Writing Systems #4 - Even Stranger...

After plunging ourselves deep into the mechanics of many different writing systems, known in linguistics as orthographies, we have seen the six major classes of linguistic writing systems known in the world.

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A photo of carvings on a wall

We should now know about alphabets, abugidas, abjads, syllabaries, phonographies, and logographies. Yes, I sound like a teacher, I know. With that said, there are always more, and this is not even an exhaustive list of all of the other types of writing systems. Today, I want to introduce you to stenography, steganography and cryptography, pictography and semasiography, calligraphy, palaeography, and pasigraphy. Not many then, right?

Stenographies

An image of a stenography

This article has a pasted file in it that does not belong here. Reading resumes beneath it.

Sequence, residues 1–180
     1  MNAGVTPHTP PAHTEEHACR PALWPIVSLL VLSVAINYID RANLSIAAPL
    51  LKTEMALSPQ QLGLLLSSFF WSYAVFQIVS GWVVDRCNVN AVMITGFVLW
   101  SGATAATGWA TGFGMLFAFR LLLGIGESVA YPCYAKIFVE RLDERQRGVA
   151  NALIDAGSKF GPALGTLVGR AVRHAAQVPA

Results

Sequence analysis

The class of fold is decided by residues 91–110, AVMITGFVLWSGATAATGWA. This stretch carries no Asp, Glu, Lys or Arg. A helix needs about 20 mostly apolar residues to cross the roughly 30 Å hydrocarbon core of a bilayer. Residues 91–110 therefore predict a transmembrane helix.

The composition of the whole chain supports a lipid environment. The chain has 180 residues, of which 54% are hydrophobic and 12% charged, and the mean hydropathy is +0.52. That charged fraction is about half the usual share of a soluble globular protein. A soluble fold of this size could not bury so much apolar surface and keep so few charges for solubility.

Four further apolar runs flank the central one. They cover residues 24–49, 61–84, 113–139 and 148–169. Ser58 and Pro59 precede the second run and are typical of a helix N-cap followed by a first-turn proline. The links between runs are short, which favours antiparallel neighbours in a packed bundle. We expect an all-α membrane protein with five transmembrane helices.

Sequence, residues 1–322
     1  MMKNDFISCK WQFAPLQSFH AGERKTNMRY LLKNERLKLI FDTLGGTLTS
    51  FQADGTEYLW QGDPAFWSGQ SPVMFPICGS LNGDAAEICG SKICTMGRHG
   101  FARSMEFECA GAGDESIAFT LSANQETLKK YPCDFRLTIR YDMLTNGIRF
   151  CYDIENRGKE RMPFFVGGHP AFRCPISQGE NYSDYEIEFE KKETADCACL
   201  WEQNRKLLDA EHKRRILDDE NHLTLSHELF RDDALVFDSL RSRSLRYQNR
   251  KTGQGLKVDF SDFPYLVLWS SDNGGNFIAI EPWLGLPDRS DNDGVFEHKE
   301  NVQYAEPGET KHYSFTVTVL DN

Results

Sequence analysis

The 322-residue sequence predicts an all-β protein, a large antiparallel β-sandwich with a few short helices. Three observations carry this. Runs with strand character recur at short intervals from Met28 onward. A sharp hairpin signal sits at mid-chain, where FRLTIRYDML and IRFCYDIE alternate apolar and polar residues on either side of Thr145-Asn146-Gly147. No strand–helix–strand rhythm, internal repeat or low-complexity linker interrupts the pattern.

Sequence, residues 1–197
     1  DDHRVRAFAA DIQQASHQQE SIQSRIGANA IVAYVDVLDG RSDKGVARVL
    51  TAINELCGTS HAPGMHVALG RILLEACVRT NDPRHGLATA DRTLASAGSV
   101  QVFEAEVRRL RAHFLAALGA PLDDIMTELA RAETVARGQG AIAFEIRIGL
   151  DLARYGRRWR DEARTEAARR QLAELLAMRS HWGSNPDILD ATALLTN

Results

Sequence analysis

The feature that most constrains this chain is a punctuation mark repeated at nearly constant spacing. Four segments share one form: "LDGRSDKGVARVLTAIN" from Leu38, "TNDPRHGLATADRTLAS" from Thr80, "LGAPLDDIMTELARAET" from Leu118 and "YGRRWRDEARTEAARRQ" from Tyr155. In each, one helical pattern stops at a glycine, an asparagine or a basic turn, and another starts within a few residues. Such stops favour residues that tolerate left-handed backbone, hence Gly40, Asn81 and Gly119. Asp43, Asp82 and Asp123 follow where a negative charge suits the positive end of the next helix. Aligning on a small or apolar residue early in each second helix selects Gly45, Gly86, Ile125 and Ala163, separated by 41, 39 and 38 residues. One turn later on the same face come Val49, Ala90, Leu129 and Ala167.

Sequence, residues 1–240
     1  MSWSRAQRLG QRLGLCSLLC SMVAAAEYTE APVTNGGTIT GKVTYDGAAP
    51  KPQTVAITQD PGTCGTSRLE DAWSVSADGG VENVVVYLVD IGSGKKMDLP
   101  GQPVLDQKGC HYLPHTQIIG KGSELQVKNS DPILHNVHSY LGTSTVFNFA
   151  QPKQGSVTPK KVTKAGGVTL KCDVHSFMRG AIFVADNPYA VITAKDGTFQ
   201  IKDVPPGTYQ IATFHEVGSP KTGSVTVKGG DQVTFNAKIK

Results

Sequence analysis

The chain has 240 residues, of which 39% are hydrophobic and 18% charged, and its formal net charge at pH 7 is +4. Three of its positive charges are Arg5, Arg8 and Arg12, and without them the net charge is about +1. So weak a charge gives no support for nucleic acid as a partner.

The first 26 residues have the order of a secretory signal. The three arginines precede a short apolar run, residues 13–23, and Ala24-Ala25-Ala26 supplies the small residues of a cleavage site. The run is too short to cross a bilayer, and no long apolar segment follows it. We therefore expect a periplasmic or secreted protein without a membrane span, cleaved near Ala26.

A stenography is one of those things that a lot of us have heard about but could probably not describe that well. The term shorthand is probably a more familiar term than stenography, but basically, the linguistic term is stenography, and the lay term is shorthand. Stenographies – yes, there are more than one – act as a sort of quicker way of taking down a lot of spoken information into written form in a short space of time, hence the name shorthand. A stenography uses what are called typograms, these are written elements to letters such as a dot in the ‘j’ or the line in the ‘t’.  Typograms are regularly used letter parts that are used purely because of how easy and frequent they are to write, which in turn gives them more ease when trying to preserve as much information as possible.  Stenographies are very similar to logographies because common words and affixes (known as morphemes) are generally allocated specific typograms, and in logographies, the morpheme is the smallest unit per written character. Whilst the mechanisms may be similar, stenographies are more of shortcut to preserve more information in a quicker time, logographies, on the other hand, do not use this shortening method.